We Come as FriendsDirected by Hubert Sauper
In the first section of We Come as Friends, director Hubert Sauper travels in a tiny plane through the most barren stretches of Sudan to interview the country’s denizens. Some viewers might find it difficult to place the film in time—the quality of life for most Sudanese has not changed much in decades, and Sauper intentionally avoids any contemporary political context. Eventually, he covers the referendum in which the South Sudan was born, letting us know that we’re in the very recent past, but the point sticks: This is not a film just about Africa’s current problems. It’s about the problems that were created decades ago and persist today.
As framed in this elegant, populist political documentary, South Sudan is only the latest frontier in Western efforts to colonize Africa. When the country broke off from Sudan with the support of 98 percent of voters, it was seen as a victory for democracy and peace. But soon, many countries—led by China and the U.S.—elbowed in, making deals with the fractured political infrastructure to gain access to the country’s oil. In other words, it was a victory for capitalism, too, a thesis the film argues with both poetry and clarity. In voiceover, Sauper tells of the “steel lines” that first divided Africa, the train tracks that brought both “guns and the British flag” to the continent. Moments later, that penetrating steel is replaced by another: the smooth, curved lines of an oil refinery.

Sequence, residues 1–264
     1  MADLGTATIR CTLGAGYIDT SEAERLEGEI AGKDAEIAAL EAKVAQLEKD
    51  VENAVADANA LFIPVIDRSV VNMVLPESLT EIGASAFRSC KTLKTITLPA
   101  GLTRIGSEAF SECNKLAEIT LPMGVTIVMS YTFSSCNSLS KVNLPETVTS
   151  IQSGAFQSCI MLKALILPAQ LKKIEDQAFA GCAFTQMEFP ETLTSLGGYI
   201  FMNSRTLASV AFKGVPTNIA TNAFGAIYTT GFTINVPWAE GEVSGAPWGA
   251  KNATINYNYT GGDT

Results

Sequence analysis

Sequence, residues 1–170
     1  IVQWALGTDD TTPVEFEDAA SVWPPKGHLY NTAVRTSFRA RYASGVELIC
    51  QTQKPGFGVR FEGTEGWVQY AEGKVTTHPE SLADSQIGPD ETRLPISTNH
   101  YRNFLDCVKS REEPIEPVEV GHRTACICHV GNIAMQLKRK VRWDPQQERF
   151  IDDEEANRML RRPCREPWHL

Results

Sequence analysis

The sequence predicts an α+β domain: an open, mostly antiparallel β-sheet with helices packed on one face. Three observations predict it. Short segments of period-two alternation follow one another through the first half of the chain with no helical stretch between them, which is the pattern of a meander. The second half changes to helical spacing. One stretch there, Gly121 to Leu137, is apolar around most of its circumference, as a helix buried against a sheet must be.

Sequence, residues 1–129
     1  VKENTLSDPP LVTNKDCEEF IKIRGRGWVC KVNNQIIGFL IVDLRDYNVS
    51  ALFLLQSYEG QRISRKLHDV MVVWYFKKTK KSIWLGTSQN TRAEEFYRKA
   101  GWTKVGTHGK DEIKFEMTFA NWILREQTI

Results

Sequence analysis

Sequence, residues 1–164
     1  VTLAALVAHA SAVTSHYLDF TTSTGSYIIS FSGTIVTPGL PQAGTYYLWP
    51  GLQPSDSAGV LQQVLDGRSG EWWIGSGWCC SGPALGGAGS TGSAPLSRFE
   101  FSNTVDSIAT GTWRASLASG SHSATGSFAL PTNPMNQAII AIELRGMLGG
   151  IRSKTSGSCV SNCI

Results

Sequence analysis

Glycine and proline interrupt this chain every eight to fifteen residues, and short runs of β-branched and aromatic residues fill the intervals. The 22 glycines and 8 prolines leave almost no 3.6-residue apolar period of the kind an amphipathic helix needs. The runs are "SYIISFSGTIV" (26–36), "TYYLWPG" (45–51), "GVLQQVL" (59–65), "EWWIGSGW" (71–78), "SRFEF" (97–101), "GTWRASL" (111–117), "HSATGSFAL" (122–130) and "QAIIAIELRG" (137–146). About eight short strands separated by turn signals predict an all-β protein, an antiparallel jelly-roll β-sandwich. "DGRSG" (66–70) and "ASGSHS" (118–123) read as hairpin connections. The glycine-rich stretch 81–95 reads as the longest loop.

Sauper makes every attempt to clarify that he is not a colonist mining Africa for his own personal gain, just as countries have occupied it for political and economic power. His angle is subversive, rejecting tired tropes of the geopolitical documentary (see: an endless stream of interviews with political figures and whistleblowers). One of Sauper’s most satisfying cinematic tools is his dismissal of the various figures who hold political power. There’s the pimple-faced British representative of the South Sudanese Business Council, whom Sauper cuts off in mid-sentence, leaving his oppressive doublespeak on the cutting-room floor. It’s a telling difference from the time Sauper gives to the African people who make appearances; he lets his camera linger on their faces for longer than we have come to expect, letting Western audiences soak in the faces and words of people whose experiences have been kept foreign to us.
It turns out We Come as Friends is a film of contrasts: white faces placed alongside faces of color; the silver of the American machinery against the brown and barren land; and the platitudes of Western politicians—Hillary Clinton’s “we don’t want to see a new colonialism in Africa,” for instance—contradicting the realities on the ground. Late in the film, Clinton’s words and the talking points of nearly every other politician in the film ring hollow. In the end, Sauper’s artistic victories—his commitment to visual storytelling, his use of montage to upend viewers’ expectations, and his unwavering empathy toward his subjects—win the day.